By giving an institutional explanation for terrorism, O¶Neil implicates the problems associated with sovereignty as its causal elements. 11 These include such forms of dissent considered µlegitimate¶ in the Western world, including access to a free press, the ability to gather in groups, and the ability to gather in public to protest or strike. Tilly, Politics of Collective Violence, 43-44. 12 O¶Neil, ³Political Violence,´ 277.
Cohen, Brown, and Organski note that during the mid-20th century, newly decolonized states in Asia and Africa undertook series of sweeping attempts to expand and deepen their reach within their own territories, using nationalism and ex-colonial state institutions as levers,and were often met with fierce resistance at the local level.13 The authors have illuminated what they term the ³paradoxical nature of state making,´showing that the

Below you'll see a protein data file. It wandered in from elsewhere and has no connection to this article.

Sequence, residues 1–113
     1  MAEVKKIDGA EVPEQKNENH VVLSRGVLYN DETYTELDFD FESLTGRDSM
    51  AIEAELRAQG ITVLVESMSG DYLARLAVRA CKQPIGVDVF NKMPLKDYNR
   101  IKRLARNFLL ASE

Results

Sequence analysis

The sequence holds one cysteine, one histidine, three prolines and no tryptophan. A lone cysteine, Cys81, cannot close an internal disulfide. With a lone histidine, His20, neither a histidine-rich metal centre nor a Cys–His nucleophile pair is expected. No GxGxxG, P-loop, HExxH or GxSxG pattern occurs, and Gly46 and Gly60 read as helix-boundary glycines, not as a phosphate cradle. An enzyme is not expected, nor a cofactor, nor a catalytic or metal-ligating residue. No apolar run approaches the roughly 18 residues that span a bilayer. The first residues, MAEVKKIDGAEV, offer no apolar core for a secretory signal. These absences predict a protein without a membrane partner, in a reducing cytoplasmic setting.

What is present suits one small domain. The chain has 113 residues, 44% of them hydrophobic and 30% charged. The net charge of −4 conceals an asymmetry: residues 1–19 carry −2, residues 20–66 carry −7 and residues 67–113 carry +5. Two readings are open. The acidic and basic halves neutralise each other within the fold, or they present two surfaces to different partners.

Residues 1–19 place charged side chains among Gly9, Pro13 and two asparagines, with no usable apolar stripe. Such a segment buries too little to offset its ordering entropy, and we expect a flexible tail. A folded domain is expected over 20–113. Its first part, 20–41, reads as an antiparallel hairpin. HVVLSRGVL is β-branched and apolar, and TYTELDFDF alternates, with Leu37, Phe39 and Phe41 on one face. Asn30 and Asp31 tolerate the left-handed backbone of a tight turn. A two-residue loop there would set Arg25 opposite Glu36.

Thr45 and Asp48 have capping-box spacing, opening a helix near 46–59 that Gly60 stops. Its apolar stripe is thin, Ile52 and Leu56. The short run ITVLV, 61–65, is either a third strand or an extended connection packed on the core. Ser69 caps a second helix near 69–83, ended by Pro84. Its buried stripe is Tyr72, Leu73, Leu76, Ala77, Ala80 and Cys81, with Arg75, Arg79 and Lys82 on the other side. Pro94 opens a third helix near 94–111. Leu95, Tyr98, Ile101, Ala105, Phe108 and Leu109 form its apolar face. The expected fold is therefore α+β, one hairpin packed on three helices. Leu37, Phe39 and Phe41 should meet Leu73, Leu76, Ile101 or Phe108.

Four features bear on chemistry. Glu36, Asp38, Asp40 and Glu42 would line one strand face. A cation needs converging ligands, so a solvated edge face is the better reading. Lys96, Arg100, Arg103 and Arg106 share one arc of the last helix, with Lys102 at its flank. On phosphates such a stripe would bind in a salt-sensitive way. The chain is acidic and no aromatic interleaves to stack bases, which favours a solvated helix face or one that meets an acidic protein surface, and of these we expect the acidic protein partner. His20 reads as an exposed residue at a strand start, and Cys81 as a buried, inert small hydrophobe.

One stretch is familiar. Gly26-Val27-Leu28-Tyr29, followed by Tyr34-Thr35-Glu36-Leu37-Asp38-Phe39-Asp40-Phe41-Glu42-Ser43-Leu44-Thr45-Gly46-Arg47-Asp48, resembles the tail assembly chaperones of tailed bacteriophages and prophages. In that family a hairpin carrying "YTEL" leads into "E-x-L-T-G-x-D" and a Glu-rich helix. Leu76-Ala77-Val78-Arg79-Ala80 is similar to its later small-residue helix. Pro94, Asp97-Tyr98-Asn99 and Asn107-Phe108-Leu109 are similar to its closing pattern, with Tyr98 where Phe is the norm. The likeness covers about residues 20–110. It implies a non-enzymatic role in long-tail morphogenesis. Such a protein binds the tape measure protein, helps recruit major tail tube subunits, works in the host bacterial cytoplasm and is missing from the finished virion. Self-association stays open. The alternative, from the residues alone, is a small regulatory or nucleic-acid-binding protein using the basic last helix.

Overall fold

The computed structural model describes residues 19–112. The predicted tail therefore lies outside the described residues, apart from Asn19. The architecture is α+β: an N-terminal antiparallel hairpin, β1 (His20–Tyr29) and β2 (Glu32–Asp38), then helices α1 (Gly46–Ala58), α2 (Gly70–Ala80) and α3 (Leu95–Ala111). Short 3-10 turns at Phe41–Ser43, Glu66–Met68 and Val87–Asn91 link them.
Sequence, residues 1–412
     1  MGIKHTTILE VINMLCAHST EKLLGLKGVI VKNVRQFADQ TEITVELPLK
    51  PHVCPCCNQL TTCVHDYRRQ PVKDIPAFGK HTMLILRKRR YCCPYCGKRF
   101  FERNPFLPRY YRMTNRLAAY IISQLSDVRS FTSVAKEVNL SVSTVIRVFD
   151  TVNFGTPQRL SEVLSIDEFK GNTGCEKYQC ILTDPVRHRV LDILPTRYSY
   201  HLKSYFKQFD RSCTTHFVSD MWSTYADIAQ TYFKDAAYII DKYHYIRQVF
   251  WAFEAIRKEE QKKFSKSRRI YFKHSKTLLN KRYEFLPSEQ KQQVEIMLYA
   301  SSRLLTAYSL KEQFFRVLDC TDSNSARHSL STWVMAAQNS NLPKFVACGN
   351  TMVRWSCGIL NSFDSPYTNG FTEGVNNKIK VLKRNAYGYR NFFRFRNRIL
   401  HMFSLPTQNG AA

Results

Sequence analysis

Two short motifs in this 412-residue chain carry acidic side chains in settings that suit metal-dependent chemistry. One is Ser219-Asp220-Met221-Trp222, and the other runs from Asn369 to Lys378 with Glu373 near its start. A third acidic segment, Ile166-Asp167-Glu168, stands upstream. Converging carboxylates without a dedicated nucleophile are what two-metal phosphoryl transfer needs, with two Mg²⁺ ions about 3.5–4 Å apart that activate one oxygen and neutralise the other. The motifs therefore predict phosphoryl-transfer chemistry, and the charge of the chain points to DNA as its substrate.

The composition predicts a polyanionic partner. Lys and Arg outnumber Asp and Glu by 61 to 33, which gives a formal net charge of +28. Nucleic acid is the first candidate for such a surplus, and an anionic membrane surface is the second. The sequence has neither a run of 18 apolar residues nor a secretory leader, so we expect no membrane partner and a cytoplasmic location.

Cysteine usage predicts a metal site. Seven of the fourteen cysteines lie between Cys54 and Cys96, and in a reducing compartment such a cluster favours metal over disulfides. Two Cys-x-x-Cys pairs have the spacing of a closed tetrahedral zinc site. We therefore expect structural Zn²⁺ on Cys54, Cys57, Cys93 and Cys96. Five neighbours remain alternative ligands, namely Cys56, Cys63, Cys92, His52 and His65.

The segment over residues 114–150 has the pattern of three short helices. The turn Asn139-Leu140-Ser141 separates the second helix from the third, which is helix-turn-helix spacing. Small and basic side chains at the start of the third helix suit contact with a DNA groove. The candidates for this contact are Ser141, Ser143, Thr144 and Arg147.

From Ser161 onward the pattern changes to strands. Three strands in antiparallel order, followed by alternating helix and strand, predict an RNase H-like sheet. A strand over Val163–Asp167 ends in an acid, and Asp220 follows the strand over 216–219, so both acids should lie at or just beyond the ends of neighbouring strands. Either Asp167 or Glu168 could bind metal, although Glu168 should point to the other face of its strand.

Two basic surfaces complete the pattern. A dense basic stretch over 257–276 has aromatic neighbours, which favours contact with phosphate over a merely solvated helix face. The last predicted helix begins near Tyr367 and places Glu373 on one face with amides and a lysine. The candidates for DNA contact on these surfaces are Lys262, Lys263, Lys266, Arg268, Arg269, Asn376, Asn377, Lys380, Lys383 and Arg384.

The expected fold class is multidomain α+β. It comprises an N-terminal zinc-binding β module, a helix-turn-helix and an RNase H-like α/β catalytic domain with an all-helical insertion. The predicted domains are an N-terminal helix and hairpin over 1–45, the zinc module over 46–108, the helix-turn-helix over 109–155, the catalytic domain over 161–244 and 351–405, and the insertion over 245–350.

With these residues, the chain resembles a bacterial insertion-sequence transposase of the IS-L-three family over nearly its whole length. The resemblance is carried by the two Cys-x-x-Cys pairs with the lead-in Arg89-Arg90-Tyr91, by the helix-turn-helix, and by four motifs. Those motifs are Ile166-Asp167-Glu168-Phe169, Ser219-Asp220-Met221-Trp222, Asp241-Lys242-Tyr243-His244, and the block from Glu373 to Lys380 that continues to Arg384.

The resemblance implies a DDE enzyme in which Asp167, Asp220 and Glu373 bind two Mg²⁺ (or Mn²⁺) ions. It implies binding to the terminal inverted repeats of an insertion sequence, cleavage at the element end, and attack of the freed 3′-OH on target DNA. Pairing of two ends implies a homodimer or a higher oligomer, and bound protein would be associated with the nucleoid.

³aggressive expansionism of the state,´ particularly newly-formed states ³involved in the
primitive accumulation and centralization of power resources,´ evinces a counterproductive, winner-takes-all, violent struggle for sovereignty: